April 1, 2017
Had a hard night. Just looking through old photos on my phone to try to delete some and make some memory space. I was looking at the days before losing our son. How naively happy we all were. Then all of a sudden, complete and utter heartbreak and unimaginable sadness. I didn’t know this could happen during a perfectly normal pregnancy. I wish I could go back and tell myself that day we lost our son to take a trip to the hospital earlier just to check on him, but I had no warning signs until that night when Owen stopped moving. Why did we have to go through this? Why did we lose our strong, sweet boy?? Being pregnant with another rainbow still doesn’t make me feel any better. If anything I am more saddened that we lost a perfect baby and we have no promises that this time will be different. All this aside, I am very thankful that I’m alive and have a chance to be a mother again to a son who I know I will love as much as Owen. Just wish things would’ve been different and he could be here too.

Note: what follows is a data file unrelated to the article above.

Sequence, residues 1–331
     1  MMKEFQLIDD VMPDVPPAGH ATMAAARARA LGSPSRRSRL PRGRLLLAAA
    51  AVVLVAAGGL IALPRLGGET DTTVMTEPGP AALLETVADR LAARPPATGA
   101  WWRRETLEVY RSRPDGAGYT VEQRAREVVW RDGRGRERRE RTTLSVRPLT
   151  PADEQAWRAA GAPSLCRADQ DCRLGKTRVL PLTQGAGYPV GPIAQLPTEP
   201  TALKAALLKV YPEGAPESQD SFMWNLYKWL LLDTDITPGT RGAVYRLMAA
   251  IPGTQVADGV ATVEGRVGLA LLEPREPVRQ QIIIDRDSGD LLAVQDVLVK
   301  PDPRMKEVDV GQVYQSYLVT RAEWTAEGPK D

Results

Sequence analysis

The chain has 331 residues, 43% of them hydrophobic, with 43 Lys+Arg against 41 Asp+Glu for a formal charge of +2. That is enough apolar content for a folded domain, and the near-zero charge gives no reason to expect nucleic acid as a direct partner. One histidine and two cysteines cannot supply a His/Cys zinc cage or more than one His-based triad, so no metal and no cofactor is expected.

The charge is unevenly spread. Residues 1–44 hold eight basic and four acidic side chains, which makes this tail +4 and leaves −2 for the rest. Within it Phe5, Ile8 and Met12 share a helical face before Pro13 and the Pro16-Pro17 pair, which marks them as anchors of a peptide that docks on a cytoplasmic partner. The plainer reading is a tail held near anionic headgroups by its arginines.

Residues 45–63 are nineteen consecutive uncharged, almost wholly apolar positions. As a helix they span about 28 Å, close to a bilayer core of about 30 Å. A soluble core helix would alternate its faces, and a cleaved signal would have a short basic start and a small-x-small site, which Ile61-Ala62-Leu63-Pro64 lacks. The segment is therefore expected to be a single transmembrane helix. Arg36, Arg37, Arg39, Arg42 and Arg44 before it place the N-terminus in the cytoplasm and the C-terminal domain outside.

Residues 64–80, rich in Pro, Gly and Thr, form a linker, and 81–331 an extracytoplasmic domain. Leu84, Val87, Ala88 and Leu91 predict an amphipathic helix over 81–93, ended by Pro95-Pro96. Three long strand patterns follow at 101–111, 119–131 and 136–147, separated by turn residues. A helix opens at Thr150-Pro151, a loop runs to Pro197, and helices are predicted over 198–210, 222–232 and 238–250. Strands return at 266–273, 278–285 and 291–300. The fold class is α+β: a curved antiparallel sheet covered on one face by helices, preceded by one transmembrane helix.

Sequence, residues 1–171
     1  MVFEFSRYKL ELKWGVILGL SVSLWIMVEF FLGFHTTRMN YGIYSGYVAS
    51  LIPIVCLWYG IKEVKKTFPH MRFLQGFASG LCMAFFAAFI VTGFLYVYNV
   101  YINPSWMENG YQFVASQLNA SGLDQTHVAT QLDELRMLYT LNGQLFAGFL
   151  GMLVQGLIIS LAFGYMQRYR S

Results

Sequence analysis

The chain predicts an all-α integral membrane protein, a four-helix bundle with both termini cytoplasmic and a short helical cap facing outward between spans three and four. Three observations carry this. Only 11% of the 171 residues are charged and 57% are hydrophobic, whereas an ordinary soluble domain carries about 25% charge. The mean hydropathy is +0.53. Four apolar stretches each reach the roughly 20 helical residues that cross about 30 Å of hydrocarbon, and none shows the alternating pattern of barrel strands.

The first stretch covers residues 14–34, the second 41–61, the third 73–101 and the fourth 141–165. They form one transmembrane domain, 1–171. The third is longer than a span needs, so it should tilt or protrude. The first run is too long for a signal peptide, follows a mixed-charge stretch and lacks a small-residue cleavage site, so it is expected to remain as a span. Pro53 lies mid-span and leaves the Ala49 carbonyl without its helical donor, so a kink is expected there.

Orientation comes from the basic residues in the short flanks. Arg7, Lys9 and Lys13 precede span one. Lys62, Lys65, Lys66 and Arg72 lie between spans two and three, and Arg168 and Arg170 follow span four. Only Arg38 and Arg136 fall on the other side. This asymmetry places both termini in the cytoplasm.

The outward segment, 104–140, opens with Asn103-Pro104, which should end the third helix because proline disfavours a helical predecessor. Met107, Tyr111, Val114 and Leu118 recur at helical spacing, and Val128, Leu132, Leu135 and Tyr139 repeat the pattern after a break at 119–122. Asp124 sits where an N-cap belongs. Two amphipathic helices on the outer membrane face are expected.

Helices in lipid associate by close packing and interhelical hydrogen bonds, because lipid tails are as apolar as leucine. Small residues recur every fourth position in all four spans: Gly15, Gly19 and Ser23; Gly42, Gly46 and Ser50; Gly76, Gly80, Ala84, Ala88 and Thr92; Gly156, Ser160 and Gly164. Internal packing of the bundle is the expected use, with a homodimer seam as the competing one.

June 14, 2017
My new purpose since our loss is to spread awareness about kick counting and trusting your intuition in your pregnancy. Don’t take no for an answer if you feel that something is wrong. Be the annoying patient that calls or goes in whenever you feel something’s off. Always push for the extra tests and scans you need to feel at ease. Worst case scenario they find something wrong and you can try to save your baby or yourself. But hopefully everything is fine and you can go back to being blissful and excited about the miracle growing inside of you. All I want is for you to be able to bring home a healthy baby, so I don’t recommend putting blind faith in your medical team. They can be busy, overwhelmed with clients and confined to what they can offer through routine healthcare based on the rates insurance companies pay them, so it’s up to you to be your own advocate and more importantly to be your unborn baby’s voice. I don’t know if any of what I’m saying would have saved my baby boy, but I feel in my heart that it could help you. Please try not to stress, but be an active participant in your prenatal care. I pray that you will have no complications and enjoy every second of this miraculous process. And please, if you have a healthy baby at the end, know how blessed you truly are and treasure that little life!
Praying for all of you and cheering on every mom out there fighting for their baby’s survival through a high risk pregnancy. You are my sisters and my heroes.